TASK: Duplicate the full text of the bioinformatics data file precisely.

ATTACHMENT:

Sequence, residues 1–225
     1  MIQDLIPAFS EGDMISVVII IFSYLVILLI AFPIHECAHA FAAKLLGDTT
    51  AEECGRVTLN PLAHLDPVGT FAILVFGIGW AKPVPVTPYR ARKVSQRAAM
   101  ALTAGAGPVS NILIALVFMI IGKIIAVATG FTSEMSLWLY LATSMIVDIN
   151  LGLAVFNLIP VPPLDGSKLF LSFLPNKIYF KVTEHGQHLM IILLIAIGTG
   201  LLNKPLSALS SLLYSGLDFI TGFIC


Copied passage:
Sequence, residues 1–225
     1  MIQDLIPAFS EGDMISVVII IFSYLVILLI AFPIHECAHA FAAKLLGDTT
    51  AEECGRVTLN PLAHLDPVGT FAILVFGIGW AKPVPVTPYR ARKVSQRAAM
   101  ALTAGAGPVS NILIALVFMI IGKIIAVATG FTSEMSLWLY LATSMIVDIN
   151  LGLAVFNLIP VPPLDGSKLF LSFLPNKIYF KVTEHGQHLM IILLIAIGTG
   201  LLNKPLSALS SLLYSGLDFI TGFIC